Unless you haven’t taken sixth grade science, we all know how important rain is, especially those experiencing a historic drought in California. It’s not a luxury. It’s not a privilege. It’s a need. It’s problematic if you don’t receive it. Nature relies on it, almost as much as sunshine, and when it comes, you get some of the most beautiful and luscious landscapes imaginable. In my opinion, the most beautiful places in the world receive a liberal amount of rainfall, and there’s no coincidence in that.
And yet, when it falls, we run away.
When I think about rain, I’m always reminded of MIDNIGHT IN PARIS, when Owen Wilson’s character wants to explore Paris as it rains, though his wife and mother-in-law easily disregard that idea quickly, running under their coat covers and straight to the car. The world is different when it rains, but that doesn’t mean it’s not as beautiful.
Recently, I was given an incredible honor, validating my year’s work, energy, and stress. I put my financial stability, relationships, and my potential future at risk for following something that I loved and wanted to pursue. And though it’s nothing huge, it did show me that I’m not wasting my time. And though a year is a small amount of time when looked at far away, it’s forever when you’re currently living it. So much stress, so much difficulty, and for something that’s on a piece of paper (or a pdf).
A little bit rain can produce so much, and the more you appreciate it, observe it, and not run away from it but wonder and reflect on it, the more you’ll take away from it.
Through the good, comes the disappoint, and not getting a job/gig is always a disappointing experience, but if there’s anything that I would tell anyone that wants to follow something they love, the better damn get comfortable with hearing those “Nos”. It’s another one that will just join the large pile that’s been moved to the side, and though it might look or feel dark, grey, and cloudy, it’s producing something that you’re unable to see, but trust me, it’ll come.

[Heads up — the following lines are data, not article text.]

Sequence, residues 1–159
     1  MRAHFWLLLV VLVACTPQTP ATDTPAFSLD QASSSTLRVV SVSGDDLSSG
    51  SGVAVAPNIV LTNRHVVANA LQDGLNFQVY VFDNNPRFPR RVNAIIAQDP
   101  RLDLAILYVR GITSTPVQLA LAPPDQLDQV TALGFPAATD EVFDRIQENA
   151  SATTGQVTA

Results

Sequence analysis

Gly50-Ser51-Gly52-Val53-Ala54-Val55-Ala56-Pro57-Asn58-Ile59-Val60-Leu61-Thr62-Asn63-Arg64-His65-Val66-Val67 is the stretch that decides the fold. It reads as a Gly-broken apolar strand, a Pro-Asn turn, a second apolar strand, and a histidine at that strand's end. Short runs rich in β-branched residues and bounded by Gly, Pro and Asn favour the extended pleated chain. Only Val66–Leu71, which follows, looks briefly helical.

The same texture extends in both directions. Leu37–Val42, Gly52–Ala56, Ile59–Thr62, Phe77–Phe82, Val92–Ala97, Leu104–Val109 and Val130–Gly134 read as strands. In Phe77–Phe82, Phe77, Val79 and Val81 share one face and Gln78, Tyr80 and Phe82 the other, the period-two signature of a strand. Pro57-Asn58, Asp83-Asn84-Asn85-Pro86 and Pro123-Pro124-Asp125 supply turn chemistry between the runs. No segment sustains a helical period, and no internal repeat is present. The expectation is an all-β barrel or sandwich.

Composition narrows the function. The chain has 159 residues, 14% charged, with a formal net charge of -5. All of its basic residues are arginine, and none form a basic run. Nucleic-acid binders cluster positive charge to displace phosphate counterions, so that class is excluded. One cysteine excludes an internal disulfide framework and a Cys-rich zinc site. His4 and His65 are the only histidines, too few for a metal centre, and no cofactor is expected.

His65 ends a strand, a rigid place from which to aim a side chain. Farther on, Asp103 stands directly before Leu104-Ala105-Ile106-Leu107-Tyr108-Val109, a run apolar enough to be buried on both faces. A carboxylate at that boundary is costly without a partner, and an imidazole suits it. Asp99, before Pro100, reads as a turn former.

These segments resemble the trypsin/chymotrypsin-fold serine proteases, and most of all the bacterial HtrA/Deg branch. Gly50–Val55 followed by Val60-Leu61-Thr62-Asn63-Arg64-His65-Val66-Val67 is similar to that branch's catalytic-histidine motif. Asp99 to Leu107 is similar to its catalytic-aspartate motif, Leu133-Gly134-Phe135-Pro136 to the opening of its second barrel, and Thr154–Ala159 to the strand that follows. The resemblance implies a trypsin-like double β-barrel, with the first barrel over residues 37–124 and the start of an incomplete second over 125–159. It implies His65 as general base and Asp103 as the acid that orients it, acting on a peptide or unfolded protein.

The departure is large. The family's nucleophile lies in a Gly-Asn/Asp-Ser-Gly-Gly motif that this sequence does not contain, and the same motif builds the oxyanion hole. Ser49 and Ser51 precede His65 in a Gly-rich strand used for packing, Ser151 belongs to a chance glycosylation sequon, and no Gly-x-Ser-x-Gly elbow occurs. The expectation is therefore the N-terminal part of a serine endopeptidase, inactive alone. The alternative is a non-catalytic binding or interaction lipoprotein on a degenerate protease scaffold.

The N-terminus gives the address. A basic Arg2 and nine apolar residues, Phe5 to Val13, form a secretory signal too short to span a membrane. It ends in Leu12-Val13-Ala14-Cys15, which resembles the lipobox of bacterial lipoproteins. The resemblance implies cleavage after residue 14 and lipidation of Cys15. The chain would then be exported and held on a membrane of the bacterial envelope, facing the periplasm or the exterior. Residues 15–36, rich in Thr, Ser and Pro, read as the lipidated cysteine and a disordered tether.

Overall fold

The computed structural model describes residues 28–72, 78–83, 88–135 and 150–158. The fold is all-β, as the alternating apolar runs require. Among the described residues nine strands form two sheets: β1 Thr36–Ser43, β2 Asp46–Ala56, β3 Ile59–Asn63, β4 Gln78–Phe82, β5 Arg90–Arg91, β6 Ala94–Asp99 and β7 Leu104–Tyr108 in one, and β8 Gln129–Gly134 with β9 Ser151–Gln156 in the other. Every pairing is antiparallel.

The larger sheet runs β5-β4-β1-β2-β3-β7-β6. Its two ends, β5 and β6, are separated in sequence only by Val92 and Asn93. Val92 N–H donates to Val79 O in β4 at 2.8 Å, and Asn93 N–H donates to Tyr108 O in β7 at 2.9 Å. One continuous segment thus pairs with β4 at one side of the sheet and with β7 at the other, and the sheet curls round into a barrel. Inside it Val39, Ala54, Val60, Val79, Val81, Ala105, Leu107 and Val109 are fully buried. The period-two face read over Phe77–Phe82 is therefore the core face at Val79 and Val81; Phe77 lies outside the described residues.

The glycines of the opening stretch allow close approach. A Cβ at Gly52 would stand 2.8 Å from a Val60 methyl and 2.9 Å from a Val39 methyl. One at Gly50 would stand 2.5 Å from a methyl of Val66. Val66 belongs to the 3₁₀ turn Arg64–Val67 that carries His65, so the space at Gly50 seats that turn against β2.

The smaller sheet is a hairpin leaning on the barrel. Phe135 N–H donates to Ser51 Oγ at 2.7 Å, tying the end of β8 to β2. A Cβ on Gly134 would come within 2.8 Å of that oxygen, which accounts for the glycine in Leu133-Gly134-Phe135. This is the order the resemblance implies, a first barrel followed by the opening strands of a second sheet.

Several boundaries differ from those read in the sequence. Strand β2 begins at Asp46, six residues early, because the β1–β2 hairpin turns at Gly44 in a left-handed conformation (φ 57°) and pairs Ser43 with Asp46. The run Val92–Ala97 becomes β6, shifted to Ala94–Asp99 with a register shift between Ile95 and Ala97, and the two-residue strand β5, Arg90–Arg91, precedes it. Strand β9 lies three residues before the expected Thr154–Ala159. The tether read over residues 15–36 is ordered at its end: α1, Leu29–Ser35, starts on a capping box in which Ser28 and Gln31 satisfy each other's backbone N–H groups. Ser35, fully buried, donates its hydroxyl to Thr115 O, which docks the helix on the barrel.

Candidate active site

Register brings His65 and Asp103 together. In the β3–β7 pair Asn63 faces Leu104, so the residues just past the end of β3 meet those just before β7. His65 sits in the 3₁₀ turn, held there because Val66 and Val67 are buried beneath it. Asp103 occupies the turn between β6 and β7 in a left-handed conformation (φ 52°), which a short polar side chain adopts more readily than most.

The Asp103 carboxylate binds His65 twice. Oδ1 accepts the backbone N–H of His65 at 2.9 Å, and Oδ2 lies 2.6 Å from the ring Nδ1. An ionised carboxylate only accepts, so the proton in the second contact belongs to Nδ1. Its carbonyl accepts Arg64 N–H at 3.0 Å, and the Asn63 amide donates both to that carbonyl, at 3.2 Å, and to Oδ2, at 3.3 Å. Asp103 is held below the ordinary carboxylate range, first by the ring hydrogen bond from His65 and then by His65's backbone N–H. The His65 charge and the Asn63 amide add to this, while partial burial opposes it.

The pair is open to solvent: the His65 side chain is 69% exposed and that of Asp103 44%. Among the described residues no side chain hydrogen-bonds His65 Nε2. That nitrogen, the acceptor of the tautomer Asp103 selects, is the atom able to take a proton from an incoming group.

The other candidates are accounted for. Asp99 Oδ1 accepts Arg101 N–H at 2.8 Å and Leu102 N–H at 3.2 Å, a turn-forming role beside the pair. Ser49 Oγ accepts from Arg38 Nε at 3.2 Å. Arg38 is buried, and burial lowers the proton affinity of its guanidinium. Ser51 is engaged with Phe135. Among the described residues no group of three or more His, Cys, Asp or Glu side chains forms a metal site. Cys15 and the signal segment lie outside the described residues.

Like everything we do in life, it’s all comparable to the marathon analogy, and how “it’s not about how fast you go or how quickly you finish it, but about perseverance and never quitting.” It’s so cliche, but it’s true. Everything in life is like a marathon, especially when you want a life of creating, producing, and doing. It’s one of the hardest things to do, and takes forever to potentially get to somewhere short of what you wanted. Those so much risk involved, so many obstacles and hurdles, and it will impact you in all aspects, mentally, spiritually, physically, emotionally. It’s brutal.
But just like any form of long-distance running, it’s about overcoming those small moments where you want to quit. What I always have to tell myself is that if I quit and turn around now, it’ll take just as much effort and energy to get back to where I started. Why not just keep going? It’ll be worth it.
Enjoy the rain. Enjoy the gloom. Enjoy the unexpected occurrences in life. It’s okay to get drenched by the heaviness and darkness of life and of the world. It’s part of the human experience. But always remember there’s good to come if you keep going and are patient.
Unless it thunderstorms, then you need to get the hell out of there.